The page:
Saturday, August 27, 2011

Vacation (Beercation) Recap...

So... Part 2 of catching up on blogging laziness (I mean being too busy... totally meant being too busy... for realz... ugh) 

Up in the lakes region in Maine every July the have this small town fair, Casco Days always the last weekend in July. It's a nice little wholesome thing and everybody in the family that has kids crowds into these two little cottages on the lake. We're talking twenty people crammed into four small bedrooms, air mattresses on the floor, kids underfoot, sharing one shower... it's pretty great.

Just to back up a bit, I had brewed two batches for this vacation. Ten gallons should be plenty for a week right? You would think so... I brewed my Fresh Citrus Witbier 2.0 and a Centennial heavy 60 Minute IPA. I had stressed about how to chill and serve two 5 gallon kegs without my kegerator. No money to build a jockey box right now... The plan was to stand the kegs up in a large cooler full of ice and use my CO2 setup and picnic taps to serve. At the last minute, I said screw it and packed up my whole kegerator and sent it up with my wife a day ahead of me. When I got up there Thursday night she had it plugged in and chilled. All I had to do was hook up the CO2 and put the faucets together and I was ready to serve just in time for the fireworks.

The only fireworks worth seeing every year. Best view from the dock and no traffic getting home after...

The basement of the cottage was the place to be (that's where the kegerator was)... After the young ones were in bed, super grown up fun times!

 Beer Pong almost every night... in the basement, under the deck, up on the deck... it was like a full travel league. Also, don't worry... we were playing with water folks.

So I know you are wondering how long ten gallons of beer lasted. Tapped both kegs Thursday night around 9, I think the Wit kicked early afternoon on Saturday (less than 48 hours) and the IPA made it until Monday night. Next year... More. Kegs.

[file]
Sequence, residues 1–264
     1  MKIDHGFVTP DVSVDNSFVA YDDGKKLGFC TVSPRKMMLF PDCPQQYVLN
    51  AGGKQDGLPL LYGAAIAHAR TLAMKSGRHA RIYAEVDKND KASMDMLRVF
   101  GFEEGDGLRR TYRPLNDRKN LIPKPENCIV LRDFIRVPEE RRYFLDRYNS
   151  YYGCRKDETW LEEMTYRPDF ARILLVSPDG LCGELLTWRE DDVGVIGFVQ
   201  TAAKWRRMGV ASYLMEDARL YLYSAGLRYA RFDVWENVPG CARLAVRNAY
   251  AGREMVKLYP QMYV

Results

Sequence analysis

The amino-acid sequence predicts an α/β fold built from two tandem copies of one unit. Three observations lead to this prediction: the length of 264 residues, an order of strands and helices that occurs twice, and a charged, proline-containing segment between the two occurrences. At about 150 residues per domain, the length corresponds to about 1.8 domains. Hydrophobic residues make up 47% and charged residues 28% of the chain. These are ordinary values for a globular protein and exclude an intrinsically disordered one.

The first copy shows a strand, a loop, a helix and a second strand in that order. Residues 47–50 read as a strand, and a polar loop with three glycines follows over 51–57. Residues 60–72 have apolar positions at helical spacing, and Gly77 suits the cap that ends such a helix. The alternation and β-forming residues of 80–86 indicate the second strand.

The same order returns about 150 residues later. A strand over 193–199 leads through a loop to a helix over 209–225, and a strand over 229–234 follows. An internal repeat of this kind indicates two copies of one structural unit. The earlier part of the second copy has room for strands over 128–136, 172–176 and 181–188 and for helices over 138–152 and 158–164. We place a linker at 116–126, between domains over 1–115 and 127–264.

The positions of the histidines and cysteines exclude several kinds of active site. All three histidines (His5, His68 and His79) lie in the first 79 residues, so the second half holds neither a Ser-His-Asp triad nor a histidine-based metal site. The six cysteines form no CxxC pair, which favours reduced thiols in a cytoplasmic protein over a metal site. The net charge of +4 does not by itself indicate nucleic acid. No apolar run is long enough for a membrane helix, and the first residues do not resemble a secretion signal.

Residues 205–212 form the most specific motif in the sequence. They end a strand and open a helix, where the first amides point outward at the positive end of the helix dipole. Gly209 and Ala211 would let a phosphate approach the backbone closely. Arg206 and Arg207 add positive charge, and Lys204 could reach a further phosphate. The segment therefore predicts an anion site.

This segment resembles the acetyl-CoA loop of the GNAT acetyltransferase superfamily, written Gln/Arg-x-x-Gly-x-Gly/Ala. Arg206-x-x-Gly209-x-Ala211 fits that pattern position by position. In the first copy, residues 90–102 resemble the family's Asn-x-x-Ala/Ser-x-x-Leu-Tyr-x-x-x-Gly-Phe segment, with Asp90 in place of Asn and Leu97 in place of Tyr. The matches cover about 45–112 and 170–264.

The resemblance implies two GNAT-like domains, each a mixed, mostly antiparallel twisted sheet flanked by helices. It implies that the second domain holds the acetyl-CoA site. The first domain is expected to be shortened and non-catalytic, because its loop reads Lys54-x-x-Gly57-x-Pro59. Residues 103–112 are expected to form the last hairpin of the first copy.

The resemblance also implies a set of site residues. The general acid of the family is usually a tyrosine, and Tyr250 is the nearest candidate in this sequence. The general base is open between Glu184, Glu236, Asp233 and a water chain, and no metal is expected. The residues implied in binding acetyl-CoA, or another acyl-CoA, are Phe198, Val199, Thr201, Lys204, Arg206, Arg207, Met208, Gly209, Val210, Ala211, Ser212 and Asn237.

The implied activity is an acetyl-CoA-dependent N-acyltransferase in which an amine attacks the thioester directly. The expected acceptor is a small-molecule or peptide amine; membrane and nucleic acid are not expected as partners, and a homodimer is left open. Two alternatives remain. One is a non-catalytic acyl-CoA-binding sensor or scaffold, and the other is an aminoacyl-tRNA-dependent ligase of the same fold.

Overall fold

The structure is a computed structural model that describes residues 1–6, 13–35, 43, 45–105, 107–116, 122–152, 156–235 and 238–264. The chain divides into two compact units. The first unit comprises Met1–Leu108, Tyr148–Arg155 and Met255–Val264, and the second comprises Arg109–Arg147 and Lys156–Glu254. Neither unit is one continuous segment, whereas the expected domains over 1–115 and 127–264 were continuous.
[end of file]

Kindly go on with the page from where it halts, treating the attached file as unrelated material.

In addition to the homebrew, the other beer geek in the family brought up a huge selection of beers he had cellared... Thanks Carl! I totally made a list of them all and was going to write them all up, but... I forgot all my notes at the cottage. I think I can give each a line or two from memory... but all I have to go on is this pic.

Baxter Brewing Stowaway IPA: If you are a regular reader, you know I love this beer. See here...

Gritty McDuff's Red Claw Ale: A nice Red Ale from a local Maine brewery... malty and tasty as a Red Ale should be.

Sierra Nevada Summerfest: A nice hoppy Pilsner... great summer beer.

Pike Brewing's Old Bawdy: Amazing Barleywine. I don't remember the year, but it was nicely aged and mellow.

Harpoon's Smashed Blueberry: I was alone on this but I really liked it. I wasn't expecting something like a porter from a blueberry beer, but this one did it nicely. The chocolate and coffee flavors from the malt went really well with the blueberry.

Allagash's Odyssey: Big, roasty, oaky, dark wheat beer. I honestly love everything I've tried from this brewery out of Portland, ME. They do a lot of belgians and I am super partial to belgian beer.

Unibroue's La Fin Du Monde: Belgian Triple... one of my new favorite beers. I recently also found this in 12 ounce bottles which is total win.

Brasserie Dupont's Saison Dupont: I love love love Saison. And from what I've read this is the standard for the style. Unfortunately, this is the first time I had tried it. It was everything I hoped for. Dry but full bodied. Crisp and carbonated like champagne. Did I mention, love love love?

Unita's Tilted Smile: Imperial pilsner... is that really a style? My first time trying an Imperial Pilsner. Honestly, unless this is way out of the style, I gotta say I'm not a fan. This was a huge malt bomb without the hoppiness that I like in a standard pilsner.

Rogue Yellow Snow: A really really good IPA. A+!

Lagunitas' Hop Stoopid: Great big in your face 100+ IBU DIPA... awesome beer. I would expect no less from Lagunitas.